Chinese Association of Idaho State University (CAISU)
These 16 companies are working on coronavirus treatments or vaccines
A mix of legacy drugmakers and small startups have stepped forward with plans to develop vaccines or treatments that target the infection caused by the novel coronavirus.To get more news about coronavirus vaccine, you can visit shine news official website.
COVID-19, which was first detected in December in Wuhan, China, has sickened more than 370,000 people worldwide and killed at least 16,000. There are no Food and Drug Administration-approved vaccines or therapies for the disease.
In the U.S., many of the companies that are initiating development have received funding from two organizations: the Biomedical Advanced Research and Development Authority (BARDA), which is a division of the Department of Health and Human Services, and the National Institute of Allergy and Infectious Diseases (NIAID), a division of the National Institutes of Health. Some companies have also received funding from Coalition for Epidemic Preparedness Innovations (CEPI), a global organization based in Oslo. Other companies are funding trials by themselves or through partnerships with other life sciences companies.
Background: On March 17, Pfizer announced that it would help develop and distribute BioNTech SE’s COVID-19 vaccine candidate, though the deal excludes China. BioNTech plans to put the vaccine candidate into clinical trials in late April, in Germany and the U.S. It is testing the vaccine in collaboration with Shanghai Fosun Pharmaceutical Group Co. Ltd. in China. Pfizer and BioNTech for several years have said they would partner to develop mRNA-based influenza vaccines.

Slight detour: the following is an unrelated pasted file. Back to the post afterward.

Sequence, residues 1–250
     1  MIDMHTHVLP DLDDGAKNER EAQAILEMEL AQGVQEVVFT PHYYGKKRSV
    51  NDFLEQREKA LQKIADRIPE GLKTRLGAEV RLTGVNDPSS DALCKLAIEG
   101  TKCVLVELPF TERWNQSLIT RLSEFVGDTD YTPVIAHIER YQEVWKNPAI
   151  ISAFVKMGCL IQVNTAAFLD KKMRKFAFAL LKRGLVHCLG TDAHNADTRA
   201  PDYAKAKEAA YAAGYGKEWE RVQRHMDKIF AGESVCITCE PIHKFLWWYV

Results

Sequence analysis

Background: Gilead is a longtime drugmaker best known for developing the first major cure for hepatitis-C in Sovaldi, a therapy that changed the standard of care for that disease but also kicked off the national debate about drug pricing. The company has experience developing and marketing HIV drugs, including Truvada for pre-exposure prophylaxis (PrEP), its preventive HIV medicine. Along with U.S. trials, Gilead is conducting a randomized, controlled clinical trial in Wuhan, testing remdesivir as a treatment for mild to moderate forms of pneumonia in people with the virus. The trial was given the go-ahead by China’s Food and Drug Administration in February.
1. On Feb. 21, the National Institute of Allergy and Infectious Diseases started enrolling patients in a randomized, double-blind, placebo-controlled Phase 2 trial evaluating 394 hospitalized patients with COVID-19 at up to 50 sites worldwide, including at three sites in Singapore and South Korea. However, the majority of the study locations are in the U.S. The trial is expected to conclude April 1, 2023. Sites include the National Institutes of Health in Bethesda, Md., (not recruiting), the University of Nebraska Medical Center in Omaha (recruiting), the University of Texas Medical Branch in Galveston (not recruiting), and Providence Sacred Heart Medical Center in Spokane (recruiting).
2. On March 3, Gilead said a randomized, open-label Phase 3 trial will evaluate remdesivir in 600 patients with moderate COVID-19. The trial start enrolling patients in March, with results to come in May. The clinical trial listing states the study is taking place in Hong Kong, Singapore, South Korea and the U.S.
3. On March 3, Gilead said a randomized, open-label Phase 3 trial will evaluate remdesivir in 400 patients with severe COVID-19. The trial start enrolling patients in March, with results in May. The clinical trial listing states the study is taking place in Hong Kong, Singapore, South Korea and the U.S.